Omega Venture Partners’ Thomas Malone recently authored a report entitled ‘Artificial Intelligence and the Future of Work’, in collaboration with Daniela Rus, Director of the MIT Computer Science and Artificial Intelligence Lab. A summary of the report and its key recommendations follows below, along with a link to the original publication.
Artificial intelligence (AI) is one of the most important technologies in the world today. The United States and China compete for dominance in its development (Lee, 2018). CEOs believe it will significantly change the way they do business (Rao et al., 2019). And it has helped companies such as Facebook, Google, and Apple to become among the largest in the world.
But how will this technology affect work in the future? Will it lead to a permanent underclass of people who are no longer employable because their jobs are being done by computers? Will super-intelligent computers someday take over the world, finding little use for the humans who created them? Or will robotic servants usher in a golden age of human leisure and prosperity?
“Recent fears about AI leading to mass unemployment are unlikely to be realized.”
In this report, we conclude that recent fears about AI leading to mass unemployment are unlikely to be realized. Instead, we believe that—like all previous labor-saving technologies—AI will enable new industries to emerge, creating more new jobs than are lost to the technology. But we see a significant need for governments and other parts of society to help smooth this transition, especially for the individuals whose old jobs are disrupted and who cannot easily find new ones.
“The most promising uses of AI will not involve computers replacing people, but rather, people and computers working together.”
In addition, even though AI is advancing rapidly, we believe that we are at least many decades away from the day when computers have complete, human-level artificial intelligence. For the foreseeable future, therefore, the most promising uses of AI will not involve computers replacing people, but rather, people and computers working together—as “superminds”—to do both cognitive and physical tasks that could not be done before.
Specifically, we recommend the following actions for the following key stakeholders, which range from schools to businesses and government. In some instances, we call for stakeholders to provide direct assistance to people whose work life is disrupted by AI. In other cases, we call for stakeholders to pay for services delivered by other entities.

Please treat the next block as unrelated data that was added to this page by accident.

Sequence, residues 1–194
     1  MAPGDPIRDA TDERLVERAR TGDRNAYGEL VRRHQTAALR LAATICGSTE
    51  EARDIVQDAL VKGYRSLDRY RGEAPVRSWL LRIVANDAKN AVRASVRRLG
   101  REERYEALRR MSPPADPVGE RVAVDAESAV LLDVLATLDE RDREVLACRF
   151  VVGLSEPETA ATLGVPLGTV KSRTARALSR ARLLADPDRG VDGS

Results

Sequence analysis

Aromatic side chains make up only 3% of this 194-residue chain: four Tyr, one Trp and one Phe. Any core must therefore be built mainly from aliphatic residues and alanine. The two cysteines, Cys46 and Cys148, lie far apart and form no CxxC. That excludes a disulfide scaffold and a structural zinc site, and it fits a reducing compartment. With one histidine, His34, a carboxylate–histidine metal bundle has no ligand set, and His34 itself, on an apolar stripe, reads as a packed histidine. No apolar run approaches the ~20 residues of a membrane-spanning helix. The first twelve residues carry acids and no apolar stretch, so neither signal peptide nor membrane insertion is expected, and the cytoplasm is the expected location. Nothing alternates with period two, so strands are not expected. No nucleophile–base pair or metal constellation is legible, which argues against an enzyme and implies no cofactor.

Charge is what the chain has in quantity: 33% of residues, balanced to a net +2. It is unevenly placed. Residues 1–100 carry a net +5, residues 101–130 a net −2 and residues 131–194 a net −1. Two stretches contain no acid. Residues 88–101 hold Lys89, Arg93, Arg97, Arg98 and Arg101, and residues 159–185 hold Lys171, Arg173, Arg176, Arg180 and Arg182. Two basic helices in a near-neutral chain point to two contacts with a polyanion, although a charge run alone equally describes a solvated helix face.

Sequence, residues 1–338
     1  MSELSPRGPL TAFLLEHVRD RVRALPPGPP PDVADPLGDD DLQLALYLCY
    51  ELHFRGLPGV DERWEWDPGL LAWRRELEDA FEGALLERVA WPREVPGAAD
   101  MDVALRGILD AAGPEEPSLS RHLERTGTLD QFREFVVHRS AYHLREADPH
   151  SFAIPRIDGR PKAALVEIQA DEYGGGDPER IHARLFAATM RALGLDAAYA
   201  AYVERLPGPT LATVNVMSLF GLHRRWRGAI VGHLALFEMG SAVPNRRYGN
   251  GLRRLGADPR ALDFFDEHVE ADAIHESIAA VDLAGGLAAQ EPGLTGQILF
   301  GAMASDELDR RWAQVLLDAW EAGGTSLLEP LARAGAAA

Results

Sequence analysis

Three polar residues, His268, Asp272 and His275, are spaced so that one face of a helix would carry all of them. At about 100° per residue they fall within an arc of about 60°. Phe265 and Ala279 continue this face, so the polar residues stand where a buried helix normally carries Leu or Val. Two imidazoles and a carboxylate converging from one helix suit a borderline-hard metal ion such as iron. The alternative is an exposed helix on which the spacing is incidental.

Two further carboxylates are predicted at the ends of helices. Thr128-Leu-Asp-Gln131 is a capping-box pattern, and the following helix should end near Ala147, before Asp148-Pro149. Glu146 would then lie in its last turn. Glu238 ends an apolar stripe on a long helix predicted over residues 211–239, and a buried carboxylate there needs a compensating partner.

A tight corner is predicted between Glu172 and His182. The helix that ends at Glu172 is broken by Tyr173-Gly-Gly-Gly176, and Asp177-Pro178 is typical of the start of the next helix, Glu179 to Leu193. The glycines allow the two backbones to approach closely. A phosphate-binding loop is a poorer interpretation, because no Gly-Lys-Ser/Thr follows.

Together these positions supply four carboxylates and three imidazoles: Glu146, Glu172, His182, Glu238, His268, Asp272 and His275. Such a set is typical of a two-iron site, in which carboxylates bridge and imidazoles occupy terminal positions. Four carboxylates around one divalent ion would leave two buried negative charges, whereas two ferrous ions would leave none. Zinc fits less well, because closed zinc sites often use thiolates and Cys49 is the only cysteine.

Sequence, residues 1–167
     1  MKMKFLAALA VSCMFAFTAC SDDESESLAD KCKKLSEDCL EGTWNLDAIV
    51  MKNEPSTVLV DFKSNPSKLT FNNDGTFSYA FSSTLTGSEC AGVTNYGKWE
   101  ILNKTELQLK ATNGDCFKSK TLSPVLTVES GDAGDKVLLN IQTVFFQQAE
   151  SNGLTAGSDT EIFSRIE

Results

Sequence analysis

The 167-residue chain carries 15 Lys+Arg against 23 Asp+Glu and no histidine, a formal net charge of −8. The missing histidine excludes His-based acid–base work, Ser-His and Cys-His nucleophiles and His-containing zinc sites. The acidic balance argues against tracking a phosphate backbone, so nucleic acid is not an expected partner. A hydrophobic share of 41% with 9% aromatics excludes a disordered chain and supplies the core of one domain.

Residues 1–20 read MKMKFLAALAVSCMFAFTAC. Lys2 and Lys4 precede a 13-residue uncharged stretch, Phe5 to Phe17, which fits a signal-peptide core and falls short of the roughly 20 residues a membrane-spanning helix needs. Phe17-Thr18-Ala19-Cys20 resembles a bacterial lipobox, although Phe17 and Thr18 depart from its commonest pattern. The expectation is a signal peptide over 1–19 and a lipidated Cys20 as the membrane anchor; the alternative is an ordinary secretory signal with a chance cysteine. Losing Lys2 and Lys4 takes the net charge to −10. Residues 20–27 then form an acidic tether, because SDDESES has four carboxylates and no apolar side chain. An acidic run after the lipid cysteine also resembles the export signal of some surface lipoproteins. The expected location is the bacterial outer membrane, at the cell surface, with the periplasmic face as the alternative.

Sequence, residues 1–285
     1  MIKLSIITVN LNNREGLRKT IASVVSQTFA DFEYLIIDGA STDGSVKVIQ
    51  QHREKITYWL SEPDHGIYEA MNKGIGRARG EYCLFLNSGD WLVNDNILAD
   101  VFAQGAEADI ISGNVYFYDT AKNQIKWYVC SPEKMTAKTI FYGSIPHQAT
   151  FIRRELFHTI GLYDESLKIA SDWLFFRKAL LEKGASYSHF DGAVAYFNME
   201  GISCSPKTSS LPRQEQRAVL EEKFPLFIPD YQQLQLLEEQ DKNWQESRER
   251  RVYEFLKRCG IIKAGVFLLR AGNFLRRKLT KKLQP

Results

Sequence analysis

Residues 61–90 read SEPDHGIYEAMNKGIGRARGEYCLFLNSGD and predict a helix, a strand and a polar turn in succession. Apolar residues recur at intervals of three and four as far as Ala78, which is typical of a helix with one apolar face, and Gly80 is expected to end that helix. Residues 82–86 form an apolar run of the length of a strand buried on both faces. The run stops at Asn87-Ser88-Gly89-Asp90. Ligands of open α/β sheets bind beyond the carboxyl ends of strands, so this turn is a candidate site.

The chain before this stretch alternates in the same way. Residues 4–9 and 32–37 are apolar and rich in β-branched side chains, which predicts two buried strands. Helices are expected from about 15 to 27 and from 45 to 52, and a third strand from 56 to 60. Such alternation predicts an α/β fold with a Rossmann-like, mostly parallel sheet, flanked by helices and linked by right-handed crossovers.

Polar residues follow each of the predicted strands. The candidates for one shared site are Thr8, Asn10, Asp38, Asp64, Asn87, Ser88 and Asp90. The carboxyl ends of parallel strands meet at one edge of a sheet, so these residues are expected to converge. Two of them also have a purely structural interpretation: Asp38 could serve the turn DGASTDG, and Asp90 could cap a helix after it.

K-12 schools, colleges, and universities
- Ensure that every high school has a computer science teacher with appropriate subject training.
- Enhance secondary-school programs by expanding current computer literacy curricula to include computational thinking.
- Build community college programs that include reskilling tracks and online micro-degree offerings matched to the needs of local employers. Offerings should include apprenticeships that provide on-the-job training.
- Expand post-secondary-school enrollment—through traditional, online, and hybrid programs—to better educate the population as a whole, enhancing not only general cognitive skills but also social skills.
- Focus on applying AI to work with people in achieving new or better outcomes—rather than to replace people.
- Offer training for employees whose positions will be eliminated or transformed by AI to prepare them for other jobs.
- Provide appropriate continuing education to decision-makers, developers, and users of AI; this should include training in testing and evaluation practices.
- Create nontraditional training initiatives focused on enhancing the skills of partners and customers.
- To meet the needs of an increasingly dynamic world of work, current worker organizations (such as labor unions and professional associations) or new ones (perhaps called “guilds”) should expand their roles to provide benefits previously tied to formal employment (such as insurance and pensions, career development, social connections, a sense of identity, and income security).
- Use strong local ties and deep understanding of the nature of the specific challenges faced by community members to help workers deal with disruptions caused by AI.
- Provide aggressive communication programs that inform displaced workers about their reskilling and placement opportunities, endeavoring to inspire them to imagine new career pathways.
- Increase federal and state government investment in post-secondary education and reskilling/training programs to make the American workforce once again the best educated in the world.
- Reshape the legal and regulatory framework that governs work to encourage job creation and to adapt to other disruptions created by AI.
Artificial intelligence already pervades many parts of our daily lives—providing services ranging from instant credit card authorizations to effortless speech-to-text transcriptions—and the ways in which AI might improve our lives in the future are almost limitless. However, ensuring that the benefits of the changes wrought by AI are distributed widely across the workforce and across the globe will require a concerted effort to help people whose jobs are eliminated—by facilitating the creation of new jobs, matching jobs to job seekers, and providing education, training, and sometimes financial support to people as they transition from old jobs to new ones.
In the long term, AI-enabled human-computer superminds will facilitate new forms of societal endeavor in business, science, and art that are as different from what we know today as today’s computers are from the adding machines of half a century ago.
Click Here to read the full report